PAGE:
The Slovenia Times

PRESIDENTIAL ELECTION: Candidates on Slovenia's international role


Candidates are listed as they appear on the ballot.

Suzana Lara Krause (non-parliamentary Slovenian People's Party (SLS))

Terrorism is the plague of modern society and migrations are another complex issue, and the resolution of both those issues calls for cooperation of many players. Mass migrations should be addressed at their roots, but unfortunately the practice is quite the opposite. The number of migrants responding to [German Chancellor Angela] Merkel's invitation is such that she probably regrets it now. Migrations in the broadest sense will keep happening; there are also many Slovenians who earn their living abroad.

If elected, Krause would like to meet Emmanuel Macron, France's youngest president to date.

Angelca Likovič (The Voice for Children and Families, a non-parliamentary party)

Migrations are the biggest threat to women. The sense of safety is lost. Women will need to take some precaution. For the younger ones Likovič would advise mastering at least the basics of martial arts; as for the older: we can get ourselves some pepper sprays. That is how far we have come. She has been thinking for a while of getting something for herself. The army and police force will need to get beefed up too.

Maja Makovec Brenčič (ruling Party of the Modern Centre (SMC))

The more successful the EU, the more successful Slovenia. This is why Makovec Brenčič would like for Slovenia to remain in the closest-knit core of the European Union. Slovenia importantly co-shapes the EU today, something that could be seen during the migration crisis when Slovenia was actively involved in the resolution and served as a key link between member states and beyond.

As president I would first meet the presidents of all neighbouring countries for the sake of preserving the good neighbourly relationships, as well as the presidents of other Western Balkan countries.

Boris Popovič (non-parliamentary Slovenia Forever)

Despite the important geostrategic position of our country, Slovenia's geopolitical power equals zero, which is one of the things Popovič intends to change as a priority as president.

He would meet first US President Donald Trump, followed by Russian President Vladimir Putin, then Chinese President Xi Jinping, then French President Emmanuel Macron and obviously the presidents of all of the republics of our former common country.

Andrej Šiško (United Slovenia, a non-parliamentary party)

Šiško sees Slovenia as a bridge between east and west, and as a country that can give a lot to Europe and the world at large. First we need to realise well who we are, what is our heritage and what this means to people on planet Earth, he said. Sadly, most Slovenians are unaware of that, because they have intentionally kept us in the dark about our forefathers.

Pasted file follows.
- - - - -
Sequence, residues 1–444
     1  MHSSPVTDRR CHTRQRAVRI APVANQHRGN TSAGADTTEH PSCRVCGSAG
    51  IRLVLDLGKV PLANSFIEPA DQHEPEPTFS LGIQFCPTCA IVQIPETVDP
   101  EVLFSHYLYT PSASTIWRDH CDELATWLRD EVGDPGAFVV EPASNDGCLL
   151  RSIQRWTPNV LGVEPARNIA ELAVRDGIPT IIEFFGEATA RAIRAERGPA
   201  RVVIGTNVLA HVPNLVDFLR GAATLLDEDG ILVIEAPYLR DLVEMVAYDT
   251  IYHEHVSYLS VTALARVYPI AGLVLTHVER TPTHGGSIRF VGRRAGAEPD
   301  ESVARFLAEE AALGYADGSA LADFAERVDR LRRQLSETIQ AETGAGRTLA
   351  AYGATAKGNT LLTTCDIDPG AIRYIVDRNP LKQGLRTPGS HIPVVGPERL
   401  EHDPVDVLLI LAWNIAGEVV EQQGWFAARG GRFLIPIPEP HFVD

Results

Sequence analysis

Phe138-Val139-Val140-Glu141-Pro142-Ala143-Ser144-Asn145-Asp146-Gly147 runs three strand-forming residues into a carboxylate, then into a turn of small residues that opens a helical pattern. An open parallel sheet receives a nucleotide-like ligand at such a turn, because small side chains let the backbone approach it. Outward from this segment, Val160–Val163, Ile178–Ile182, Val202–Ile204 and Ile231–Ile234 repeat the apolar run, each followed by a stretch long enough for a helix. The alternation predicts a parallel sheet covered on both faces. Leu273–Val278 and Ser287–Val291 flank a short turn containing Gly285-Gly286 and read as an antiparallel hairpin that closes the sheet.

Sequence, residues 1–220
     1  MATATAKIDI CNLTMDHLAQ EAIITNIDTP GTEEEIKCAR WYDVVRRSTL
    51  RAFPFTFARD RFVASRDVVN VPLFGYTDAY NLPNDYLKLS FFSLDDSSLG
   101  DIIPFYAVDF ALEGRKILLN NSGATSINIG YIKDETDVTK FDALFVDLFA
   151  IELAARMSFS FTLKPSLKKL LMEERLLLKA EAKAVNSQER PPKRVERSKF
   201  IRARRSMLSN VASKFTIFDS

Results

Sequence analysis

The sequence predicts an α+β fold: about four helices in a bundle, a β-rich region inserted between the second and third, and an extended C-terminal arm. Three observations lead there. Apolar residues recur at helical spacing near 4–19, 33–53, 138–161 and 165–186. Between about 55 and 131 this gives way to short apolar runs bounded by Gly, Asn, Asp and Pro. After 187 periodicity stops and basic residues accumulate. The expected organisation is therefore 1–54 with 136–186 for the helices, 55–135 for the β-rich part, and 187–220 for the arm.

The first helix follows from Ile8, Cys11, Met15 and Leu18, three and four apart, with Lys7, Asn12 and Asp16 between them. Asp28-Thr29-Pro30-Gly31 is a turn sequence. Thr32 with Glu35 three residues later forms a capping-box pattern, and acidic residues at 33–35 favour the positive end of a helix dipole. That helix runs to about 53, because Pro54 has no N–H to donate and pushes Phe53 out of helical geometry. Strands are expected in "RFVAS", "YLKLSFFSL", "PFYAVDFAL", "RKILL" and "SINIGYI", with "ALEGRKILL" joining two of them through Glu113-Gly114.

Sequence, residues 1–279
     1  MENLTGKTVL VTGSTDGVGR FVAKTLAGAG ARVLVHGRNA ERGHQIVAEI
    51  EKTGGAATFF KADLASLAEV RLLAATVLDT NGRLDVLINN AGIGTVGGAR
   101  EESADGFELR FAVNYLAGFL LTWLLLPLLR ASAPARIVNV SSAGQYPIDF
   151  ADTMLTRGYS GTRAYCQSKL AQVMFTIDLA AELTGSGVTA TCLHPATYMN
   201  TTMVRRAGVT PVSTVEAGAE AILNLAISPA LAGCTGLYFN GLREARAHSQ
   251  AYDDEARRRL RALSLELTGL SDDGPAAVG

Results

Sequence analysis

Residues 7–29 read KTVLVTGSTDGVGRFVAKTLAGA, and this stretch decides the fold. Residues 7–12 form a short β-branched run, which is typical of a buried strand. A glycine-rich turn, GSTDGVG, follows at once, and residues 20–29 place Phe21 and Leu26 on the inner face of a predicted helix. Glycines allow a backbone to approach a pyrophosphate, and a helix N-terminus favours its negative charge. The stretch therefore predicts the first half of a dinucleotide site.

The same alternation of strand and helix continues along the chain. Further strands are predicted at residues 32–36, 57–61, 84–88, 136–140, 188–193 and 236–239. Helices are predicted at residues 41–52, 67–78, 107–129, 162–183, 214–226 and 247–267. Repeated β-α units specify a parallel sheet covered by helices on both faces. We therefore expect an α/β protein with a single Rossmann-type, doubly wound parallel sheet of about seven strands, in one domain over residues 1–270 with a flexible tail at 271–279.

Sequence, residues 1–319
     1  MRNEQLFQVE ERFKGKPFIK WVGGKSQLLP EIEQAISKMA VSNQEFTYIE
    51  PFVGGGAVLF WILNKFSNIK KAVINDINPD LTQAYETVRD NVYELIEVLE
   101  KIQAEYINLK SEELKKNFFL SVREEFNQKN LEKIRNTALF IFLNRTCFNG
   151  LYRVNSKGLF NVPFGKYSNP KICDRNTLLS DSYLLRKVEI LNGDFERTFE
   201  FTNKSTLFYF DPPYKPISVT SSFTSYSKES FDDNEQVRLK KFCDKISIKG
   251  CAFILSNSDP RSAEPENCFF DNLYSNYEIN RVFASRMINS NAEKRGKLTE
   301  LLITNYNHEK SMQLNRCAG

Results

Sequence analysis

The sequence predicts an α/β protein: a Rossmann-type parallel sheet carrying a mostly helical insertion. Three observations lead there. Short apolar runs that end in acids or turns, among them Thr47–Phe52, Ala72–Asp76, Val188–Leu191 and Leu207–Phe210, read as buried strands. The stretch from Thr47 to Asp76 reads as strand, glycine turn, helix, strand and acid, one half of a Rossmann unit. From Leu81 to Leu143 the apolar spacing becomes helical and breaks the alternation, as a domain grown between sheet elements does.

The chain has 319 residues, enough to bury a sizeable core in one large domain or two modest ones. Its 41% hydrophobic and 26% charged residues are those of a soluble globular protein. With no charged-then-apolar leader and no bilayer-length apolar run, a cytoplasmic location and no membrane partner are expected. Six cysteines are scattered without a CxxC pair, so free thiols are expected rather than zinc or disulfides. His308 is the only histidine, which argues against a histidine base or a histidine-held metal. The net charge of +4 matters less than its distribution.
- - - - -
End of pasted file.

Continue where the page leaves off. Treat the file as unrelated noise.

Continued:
Mass migrations and terrorism must be prevented, which is why security is of key importance at this time.

Marjan Šarec (Marjan Šarec List, a non-parliamentary party)

Despite its small size, Slovenia needs to have its voice heard. This means that we need to have allies, but we also need to say clearly that we want an efficient EU. When it comes to securing the Schengen border, this means extra equipment and extra staff on the borders of these countries. Terrorism has largely been generated by the superpowers, which share the responsibility for hot spots.

Šarec's first trip abroad as president would be to Zagreb, because the problem with Croatia is the most critical at the moment. Considering that French President Emmanuel Macron is three weeks younger than him, he believes they would surely find answers their generation has to those issues.

Borut Pahor (independent)

Pahor sees two strategic tasks for Slovenian foreign policy: to stay in the closest-integrated core of the EU and keep the initiative in shaping the EU's new vision, and to preserve good relations with the neighbours. There is no doubt that it is in the interests of EU countries that the EU is strong within and externally and as such a successful strategic partner to the US. This is also why orderly relations with Russia are extremely important for security and prosperity in Europe.

Pahor said he had and would continue to plan his trips abroad based on judgement what is best for Slovenia. It is customary though for the president to visit the European capital first.

Ljudmila Novak (opposition New Slovenia - Christian Democrats (NSi))

Regardless of its size, Slovenia has great potential to be an important player in the international community. Slovenia has a good diplomatic service, which she regrets to say has poor leadership at the moment. As bad leadership Novak also understands differing positions between key Slovenian foreign policy players. Slovenia must put in its word for the migration issue to be resolved at its root rather than at the EU's external borders.

She would first meet the presidents of neighbouring countries because it is with them that the country must have especially close and good ties.

Romana Tomc (opposition Democratic Party of Slovenia (SDS))

Tomc believes cooperation is the key to success in tackling migrations and terrorism, in particular when it comes to terrorist threats. If each country does as it pleases, if we do not have linked databases, there will no optimum success. There are quite a few questions on migrations, the most important being how many refugees we can accept, what is the upper limit. As far as economic migrants are concerned, each country should decide considering its economic capabilities.

Tomc's first meeting as president would probably be with the leaders of neighbouring countries.


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